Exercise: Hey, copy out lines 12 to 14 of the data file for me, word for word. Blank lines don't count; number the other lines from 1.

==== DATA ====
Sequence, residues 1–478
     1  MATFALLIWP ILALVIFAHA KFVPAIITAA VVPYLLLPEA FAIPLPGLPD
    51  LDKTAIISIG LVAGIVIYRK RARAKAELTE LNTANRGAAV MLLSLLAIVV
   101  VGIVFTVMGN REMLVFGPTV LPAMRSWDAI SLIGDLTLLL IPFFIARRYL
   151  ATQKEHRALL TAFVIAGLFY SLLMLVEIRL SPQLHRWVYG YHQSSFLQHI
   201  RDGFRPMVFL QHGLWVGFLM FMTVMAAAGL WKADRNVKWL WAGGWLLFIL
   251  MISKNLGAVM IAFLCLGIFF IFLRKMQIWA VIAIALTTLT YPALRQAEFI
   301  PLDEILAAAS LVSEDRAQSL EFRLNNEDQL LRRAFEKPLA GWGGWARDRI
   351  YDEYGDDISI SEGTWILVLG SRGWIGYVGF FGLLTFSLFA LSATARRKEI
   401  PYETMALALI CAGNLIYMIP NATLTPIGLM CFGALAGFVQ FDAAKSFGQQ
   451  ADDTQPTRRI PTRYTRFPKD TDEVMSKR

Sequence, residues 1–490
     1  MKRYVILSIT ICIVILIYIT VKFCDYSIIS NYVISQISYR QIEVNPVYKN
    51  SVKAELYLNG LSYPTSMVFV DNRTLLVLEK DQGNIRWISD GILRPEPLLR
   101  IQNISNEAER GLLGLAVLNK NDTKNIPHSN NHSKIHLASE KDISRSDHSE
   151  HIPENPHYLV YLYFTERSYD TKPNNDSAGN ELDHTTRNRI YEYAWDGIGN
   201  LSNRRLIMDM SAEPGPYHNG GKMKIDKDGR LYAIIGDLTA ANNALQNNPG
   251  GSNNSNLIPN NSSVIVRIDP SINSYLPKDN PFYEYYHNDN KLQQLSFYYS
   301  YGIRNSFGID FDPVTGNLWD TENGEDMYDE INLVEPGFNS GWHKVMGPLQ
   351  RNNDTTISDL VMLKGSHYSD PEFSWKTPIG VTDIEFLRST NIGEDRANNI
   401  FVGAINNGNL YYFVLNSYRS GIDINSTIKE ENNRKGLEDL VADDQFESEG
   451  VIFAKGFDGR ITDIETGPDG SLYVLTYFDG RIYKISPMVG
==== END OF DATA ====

Sequence, residues 1–490
     1  MKRYVILSIT ICIVILIYIT VKFCDYSIIS NYVISQISYR QIEVNPVYKN
    51  SVKAELYLNG LSYPTSMVFV DNRTLLVLEK DQGNIRWISD GILRPEPLLR